Advocacy doesn't happen all the time, and when it comes to grassroots advocacy, the more educated your members, stakeholders, volunteers, and other constituents are, the more likely you are going to be able to motivate them to take action. The more grassroots advocacy action you can generate, the more likely you are going to be able to get lawmakers attention.
How fast can you ready to mobilize your members and stakeholders?
I don't think anyone who is involved in government relations and advocacy is surprised by this legislative calendar graphic from TrackBill that shows that between now and the end of April is the busiest time of the year for most state sessions.
Alliance for Girls Awarded Free Votility License at #ASAE14
Alliance for Girls (AFG) is an association of girl-serving organizations and leaders who provide a strong voice for girls across the San Francisco Bay Area. They have more than 60 member organizations that collectively serve over 90,000 girls.
On my drive home last week, I listened to an NPR story describing Glenn Beck and his “a live, interactive ‘night of action’ against the Common Core State Standards.” Glenn Beck has argued vocally against the educational standards that are now in place in 43 states.
Efforts to inspire a grassroots campaign
The story goes on to describe Beck’s mission to inspire a movement by creating a documentary movie on the subject, called "We Will Not Conform." Reporting from a number of theaters where the documentary was aired, the commentator describes how Beck plays on emotion as he tells parents, teachers, administrators and other movie viewers that our nation's most valuable asset, our children, are at risk. He appeals to logic, discussing how the Core supports corporate interests with several panels of experts and activists.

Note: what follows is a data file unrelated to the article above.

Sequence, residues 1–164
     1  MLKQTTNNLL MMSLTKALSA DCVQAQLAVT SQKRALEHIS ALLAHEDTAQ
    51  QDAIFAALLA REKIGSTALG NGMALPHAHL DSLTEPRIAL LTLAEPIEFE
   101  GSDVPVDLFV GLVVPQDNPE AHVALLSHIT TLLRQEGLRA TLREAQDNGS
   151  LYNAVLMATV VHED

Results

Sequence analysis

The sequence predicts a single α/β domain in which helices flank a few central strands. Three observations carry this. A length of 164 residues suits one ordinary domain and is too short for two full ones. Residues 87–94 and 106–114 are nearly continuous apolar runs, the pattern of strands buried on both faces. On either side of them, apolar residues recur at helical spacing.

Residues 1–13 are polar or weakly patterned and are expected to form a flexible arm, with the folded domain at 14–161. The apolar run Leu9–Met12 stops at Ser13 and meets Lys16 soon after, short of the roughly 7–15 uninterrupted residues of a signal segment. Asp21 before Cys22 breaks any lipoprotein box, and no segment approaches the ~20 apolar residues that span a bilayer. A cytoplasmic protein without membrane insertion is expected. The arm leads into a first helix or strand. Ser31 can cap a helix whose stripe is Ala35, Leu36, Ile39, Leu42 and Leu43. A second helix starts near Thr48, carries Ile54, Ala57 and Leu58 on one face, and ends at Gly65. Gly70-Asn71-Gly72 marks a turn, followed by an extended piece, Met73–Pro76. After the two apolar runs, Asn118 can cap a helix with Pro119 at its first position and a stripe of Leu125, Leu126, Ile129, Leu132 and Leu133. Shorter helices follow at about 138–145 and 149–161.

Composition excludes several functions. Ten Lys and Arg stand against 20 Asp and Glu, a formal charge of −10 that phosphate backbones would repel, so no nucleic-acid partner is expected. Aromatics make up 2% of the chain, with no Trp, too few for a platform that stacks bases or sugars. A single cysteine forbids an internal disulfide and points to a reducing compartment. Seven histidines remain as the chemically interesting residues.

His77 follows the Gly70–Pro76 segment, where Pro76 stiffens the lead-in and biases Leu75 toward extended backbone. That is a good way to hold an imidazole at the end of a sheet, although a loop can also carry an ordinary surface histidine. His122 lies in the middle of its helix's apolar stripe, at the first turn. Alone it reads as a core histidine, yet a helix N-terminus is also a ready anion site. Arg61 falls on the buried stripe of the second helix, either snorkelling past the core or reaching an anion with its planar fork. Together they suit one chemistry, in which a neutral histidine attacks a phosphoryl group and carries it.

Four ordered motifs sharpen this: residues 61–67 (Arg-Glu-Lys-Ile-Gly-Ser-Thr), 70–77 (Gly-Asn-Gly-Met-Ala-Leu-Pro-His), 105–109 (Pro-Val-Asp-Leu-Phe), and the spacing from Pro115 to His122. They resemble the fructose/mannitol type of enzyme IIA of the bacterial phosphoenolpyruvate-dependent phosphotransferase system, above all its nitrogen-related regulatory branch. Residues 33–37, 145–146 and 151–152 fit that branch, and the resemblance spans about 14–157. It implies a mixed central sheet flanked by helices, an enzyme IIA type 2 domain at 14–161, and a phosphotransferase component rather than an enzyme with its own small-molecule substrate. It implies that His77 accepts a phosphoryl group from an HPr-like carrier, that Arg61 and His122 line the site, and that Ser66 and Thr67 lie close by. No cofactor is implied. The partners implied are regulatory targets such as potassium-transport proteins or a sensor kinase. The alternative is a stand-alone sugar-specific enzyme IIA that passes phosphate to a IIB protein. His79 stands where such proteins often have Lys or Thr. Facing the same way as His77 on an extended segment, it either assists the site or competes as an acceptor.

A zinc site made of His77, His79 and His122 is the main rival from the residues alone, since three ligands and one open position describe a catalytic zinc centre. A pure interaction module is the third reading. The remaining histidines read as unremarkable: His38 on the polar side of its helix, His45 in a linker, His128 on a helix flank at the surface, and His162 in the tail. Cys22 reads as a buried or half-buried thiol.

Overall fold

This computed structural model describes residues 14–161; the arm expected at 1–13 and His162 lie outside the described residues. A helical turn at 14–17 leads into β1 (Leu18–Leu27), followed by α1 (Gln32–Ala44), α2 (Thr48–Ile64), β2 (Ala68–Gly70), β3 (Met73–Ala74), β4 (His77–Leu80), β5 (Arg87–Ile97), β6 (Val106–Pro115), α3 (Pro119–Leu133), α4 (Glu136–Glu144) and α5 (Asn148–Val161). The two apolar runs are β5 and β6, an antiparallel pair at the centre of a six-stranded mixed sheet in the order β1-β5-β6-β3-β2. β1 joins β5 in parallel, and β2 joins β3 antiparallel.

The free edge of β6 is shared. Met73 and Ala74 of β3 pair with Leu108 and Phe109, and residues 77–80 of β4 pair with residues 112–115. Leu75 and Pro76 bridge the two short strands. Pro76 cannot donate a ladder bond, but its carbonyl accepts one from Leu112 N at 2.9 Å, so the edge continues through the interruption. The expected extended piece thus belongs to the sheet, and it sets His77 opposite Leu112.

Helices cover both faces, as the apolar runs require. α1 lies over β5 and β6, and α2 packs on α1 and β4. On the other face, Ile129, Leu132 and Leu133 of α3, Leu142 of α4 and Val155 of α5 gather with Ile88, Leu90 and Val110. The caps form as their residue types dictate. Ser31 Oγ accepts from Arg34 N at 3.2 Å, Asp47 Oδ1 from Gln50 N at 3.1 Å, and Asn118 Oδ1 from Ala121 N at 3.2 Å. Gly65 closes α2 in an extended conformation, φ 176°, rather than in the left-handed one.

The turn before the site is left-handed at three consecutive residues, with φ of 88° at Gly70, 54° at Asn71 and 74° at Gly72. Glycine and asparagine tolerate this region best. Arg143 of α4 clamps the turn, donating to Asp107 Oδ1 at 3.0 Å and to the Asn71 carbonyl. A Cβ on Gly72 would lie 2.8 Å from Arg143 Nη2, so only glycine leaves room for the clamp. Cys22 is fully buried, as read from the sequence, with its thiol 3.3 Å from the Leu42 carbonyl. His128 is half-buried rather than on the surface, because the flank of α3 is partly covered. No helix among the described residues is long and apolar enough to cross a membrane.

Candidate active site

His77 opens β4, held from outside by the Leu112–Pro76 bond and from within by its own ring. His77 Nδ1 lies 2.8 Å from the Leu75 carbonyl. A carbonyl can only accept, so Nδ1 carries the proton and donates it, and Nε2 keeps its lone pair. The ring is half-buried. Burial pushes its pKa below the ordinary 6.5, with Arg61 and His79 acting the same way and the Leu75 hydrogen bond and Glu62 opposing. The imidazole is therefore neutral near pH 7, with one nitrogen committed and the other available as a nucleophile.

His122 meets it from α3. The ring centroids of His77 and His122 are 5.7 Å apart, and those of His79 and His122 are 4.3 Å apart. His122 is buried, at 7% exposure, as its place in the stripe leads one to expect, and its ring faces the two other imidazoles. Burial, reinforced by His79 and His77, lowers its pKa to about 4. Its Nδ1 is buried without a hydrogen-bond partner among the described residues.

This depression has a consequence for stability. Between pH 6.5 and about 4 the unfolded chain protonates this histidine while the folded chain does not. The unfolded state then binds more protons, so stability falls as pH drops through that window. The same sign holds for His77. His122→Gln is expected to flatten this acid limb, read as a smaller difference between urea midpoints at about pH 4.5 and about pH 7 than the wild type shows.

Every night, after the movie ends, Beck asks viewers to stand up and discuss their thoughts and ideas. If this is Beck’s plan to start a movement—to educate, engage, and mobilize individuals—he is missing a big piece of the puzzle.
Grassroots advocacy is key to your fundraising strategy
Most people do not like to consider themselves political advocates. The word “politics” evokes power, the influence of others and exerting control. As we all know, “with great power, comes great responsibility.” And for many nonprofit executives I talk to, they don’t want to get caught in that crossfire. However, trying to avoid politics is like trying to avoid the need for fundraising. No one wants to admit they have to do it—but the hidden truth is that they do if they want to fulfill their mission, purpose, and bring change that helps their communities evolve for the better.
How the National Resources Council of Maine Engages Members to Become Grassroots Advocates
Since today is Earth Day, I was reminded of a recent presentation I attended by Lisa Pohlmann, the Executive Director of the Natural Resources Council of Maine, regarding what it takes for an advocacy organization to engage communities and get citizens active and involved.